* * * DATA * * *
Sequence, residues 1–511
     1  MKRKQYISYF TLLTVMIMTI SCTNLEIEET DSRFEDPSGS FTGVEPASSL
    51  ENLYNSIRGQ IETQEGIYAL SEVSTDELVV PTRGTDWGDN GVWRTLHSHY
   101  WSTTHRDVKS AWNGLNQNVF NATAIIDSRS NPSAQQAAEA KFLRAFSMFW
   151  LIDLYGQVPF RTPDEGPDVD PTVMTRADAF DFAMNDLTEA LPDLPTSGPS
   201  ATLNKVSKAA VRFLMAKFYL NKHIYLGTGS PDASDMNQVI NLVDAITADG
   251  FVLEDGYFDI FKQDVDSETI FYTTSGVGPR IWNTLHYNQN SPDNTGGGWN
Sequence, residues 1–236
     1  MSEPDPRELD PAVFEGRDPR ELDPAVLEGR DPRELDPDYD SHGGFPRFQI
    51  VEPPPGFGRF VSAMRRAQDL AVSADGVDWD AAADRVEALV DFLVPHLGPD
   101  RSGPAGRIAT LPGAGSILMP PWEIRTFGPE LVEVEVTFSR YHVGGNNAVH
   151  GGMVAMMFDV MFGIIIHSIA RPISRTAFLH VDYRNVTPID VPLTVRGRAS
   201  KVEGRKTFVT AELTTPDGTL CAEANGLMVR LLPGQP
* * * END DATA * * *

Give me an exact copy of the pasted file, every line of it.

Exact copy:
Sequence, residues 1–511
     1  MKRKQYISYF TLLTVMIMTI SCTNLEIEET DSRFEDPSGS FTGVEPASSL
    51  ENLYNSIRGQ IETQEGIYAL SEVSTDELVV PTRGTDWGDN GVWRTLHSHY
   101  WSTTHRDVKS AWNGLNQNVF NATAIIDSRS NPSAQQAAEA KFLRAFSMFW
   151  LIDLYGQVPF RTPDEGPDVD PTVMTRADAF DFAMNDLTEA LPDLPTSGPS
   201  ATLNKVSKAA VRFLMAKFYL NKHIYLGTGS PDASDMNQVI NLVDAITADG
   251  FVLEDGYFDI FKQDVDSETI FYTTSGVGPR IWNTLHYNQN SPDNTGGGWN
Sequence, residues 1–236
     1  MSEPDPRELD PAVFEGRDPR ELDPAVLEGR DPRELDPDYD SHGGFPRFQI
    51  VEPPPGFGRF VSAMRRAQDL AVSADGVDWD AAADRVEALV DFLVPHLGPD
   101  RSGPAGRIAT LPGAGSILMP PWEIRTFGPE LVEVEVTFSR YHVGGNNAVH
   151  GGMVAMMFDV MFGIIIHSIA RPISRTAFLH VDYRNVTPID VPLTVRGRAS
   201  KVEGRKTFVT AELTTPDGTL CAEANGLMVR LLPGQP